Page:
In His Presence: Philip Wagner
Father's Day Solutions
Philip is the lead pastor at Oasis Church in LA, just released his third book, and, along with his son, the founder of Generosity, a non-profit working to meet clean water needs for those in developing countries around the world. I love what he shares, because he is honest that nothing is perfect. Holidays can make us feel like we have to fit wide smiles into a perfectly manicured (and cropped and edited) image for the world to see. But perfection is never the truth. Our unedited stories, even though imperfect, cracked and winding, are the truth. He offers a good idea for how to acknowledge and speak your truth, while still honoring dad.
Being a dad is a tough job! As a father myself, I realize that what I say or do has a big impact on my kids; and it can impact them positively or negatively for years. Even what I do not do or say can carry a tremendous amount of weight. There are a lot of expectations on fathers. Dads can end up being heroes or villains, in the life of our kids whether we realize it or not.
Father’s Day is a day to honor our dads. Often dads get gifts like neckties, Old Spice cologne or socks. Nothing says, “Dad, you’re my hero!” like a pair of socks.
I’ve noticed in our society, that many people do not have great feelings when we talk about dad. My guess is that about 60% or more of the people attending our church services have unresolved hurts in their life relating to their dads. So when we start talking about dad, the majority of people in a church audience feel of sadness or regret. Many experience the feelings of hurt, loss or disappointment instead of feelings of love and honor.
One of the 10 Commandments conveys the importance of honoring our father and mother. I think that God gave this commandment in the scriptures for a few reasons. One reason is that honoring our dad does something important inside us when we honor them and it is just as impactful for us as it is for our dads.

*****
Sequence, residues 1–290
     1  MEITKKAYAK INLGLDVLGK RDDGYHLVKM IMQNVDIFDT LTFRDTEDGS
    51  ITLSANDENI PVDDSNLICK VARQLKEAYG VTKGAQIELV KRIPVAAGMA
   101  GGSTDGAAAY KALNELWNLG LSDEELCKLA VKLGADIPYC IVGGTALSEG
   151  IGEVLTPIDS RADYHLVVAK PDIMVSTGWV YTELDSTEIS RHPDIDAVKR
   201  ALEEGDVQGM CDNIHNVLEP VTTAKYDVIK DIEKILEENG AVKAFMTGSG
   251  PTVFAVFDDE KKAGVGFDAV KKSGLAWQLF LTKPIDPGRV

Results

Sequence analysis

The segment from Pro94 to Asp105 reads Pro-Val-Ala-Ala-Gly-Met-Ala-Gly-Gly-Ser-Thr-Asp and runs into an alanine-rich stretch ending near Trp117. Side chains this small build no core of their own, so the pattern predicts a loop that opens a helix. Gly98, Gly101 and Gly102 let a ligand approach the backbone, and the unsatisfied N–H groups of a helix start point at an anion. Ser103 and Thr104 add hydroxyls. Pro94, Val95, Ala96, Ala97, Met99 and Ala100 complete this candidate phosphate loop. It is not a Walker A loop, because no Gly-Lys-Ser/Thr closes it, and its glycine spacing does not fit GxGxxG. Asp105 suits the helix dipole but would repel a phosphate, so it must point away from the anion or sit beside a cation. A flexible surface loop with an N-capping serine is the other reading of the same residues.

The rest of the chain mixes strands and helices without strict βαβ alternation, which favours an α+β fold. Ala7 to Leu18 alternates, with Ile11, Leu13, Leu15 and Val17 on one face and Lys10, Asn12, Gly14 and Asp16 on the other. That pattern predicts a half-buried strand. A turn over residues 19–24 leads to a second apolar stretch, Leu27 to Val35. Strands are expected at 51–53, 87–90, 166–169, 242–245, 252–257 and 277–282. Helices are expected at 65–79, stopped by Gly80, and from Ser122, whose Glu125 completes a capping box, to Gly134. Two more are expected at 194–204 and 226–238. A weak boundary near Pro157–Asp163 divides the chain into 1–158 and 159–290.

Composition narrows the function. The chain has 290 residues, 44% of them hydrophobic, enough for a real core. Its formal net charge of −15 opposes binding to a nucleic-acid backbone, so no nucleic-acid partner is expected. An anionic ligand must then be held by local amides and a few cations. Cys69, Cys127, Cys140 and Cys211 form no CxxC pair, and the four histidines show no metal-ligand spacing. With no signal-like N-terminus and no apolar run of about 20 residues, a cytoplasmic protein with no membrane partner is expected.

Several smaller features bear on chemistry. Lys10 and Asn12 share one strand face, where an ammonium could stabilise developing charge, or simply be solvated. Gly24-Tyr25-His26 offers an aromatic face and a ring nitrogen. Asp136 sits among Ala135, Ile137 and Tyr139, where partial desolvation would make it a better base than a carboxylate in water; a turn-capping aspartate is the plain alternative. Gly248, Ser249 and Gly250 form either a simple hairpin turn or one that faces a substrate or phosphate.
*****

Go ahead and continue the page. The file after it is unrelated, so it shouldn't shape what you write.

A second reason is in order to genuinely honor our dad it may require that we deal with some hurts inside and resolving them in order to flourish in our life.
Someone asked me, “How do I honor my dad when, to be honest, he was not a very good person?”
Others have said, “My dad was distant, angry and never showed interest in me.” Or “My friend’s dad abused her sexually.”
So how does someone honor their dad when he was a source of pain or disappointment?
I had a love-hate relationship with my dad. I loved him and I respected his devotion to ministry. But there was so much sadness and anger in my life experience related to the broken man I called, “Dad.”
Many years ago, when my dad was still alive, I read book entitled, The Tribute; What Every Parent Longs to Hear, by Dennis Rainey. The book addressed what happened when adult children honor their parents, by writing a letter of tribute to them, regardless of whether the parents are alive or have passed away.
Rainey gave specific ideas of how to write “a tribute” that gives credit to what your parents got right. He didn’t expect us to ignore abuses we may have experienced but in this letter to honor them in a way that could change the focus in our life. This process helped me resolve some hurts, brought something positive in my life and freed me from some things that could have limited me for years.
Before my dad passed away in 2000 when he was 81 years old. Before he died I wrote a “Tribute Letter” to him. I honored him the best way I knew how. I didn’t use this opportunity to ‘tell him how I really felt’ about some mistakes he made.
It took me a few months to get my soul ready. I had to work through some issues in my heart. You may or may not be able to say some of the things I did but I wrote something like this…
I wanted to write you and let you know that I appreciate you and who you are in my life. I want to honor you. I love you Dad.
When I think of you, I think of a man who worked hard at his job. You gave it everything you could. I see a man who loves people and genuinely desires to see them have faith in God.
You tried to be the best dad you could be to your children. And that’s what I want to do myself; to be the best dad I can be.
I love how much you loved baseball and how enjoying baseball has impacted me. Thanks for teaching me about the game. I enjoyed watching some of those games together.
You are a man who loves to laugh and I want you to know that I hope you have a lot of joy in your life and a lot of days of laughter ahead of you.
I encourage you to give this a try. Maybe you are ready for this and maybe you are not. This is just one possibility of a way that might help you resolve some of your own father wounds.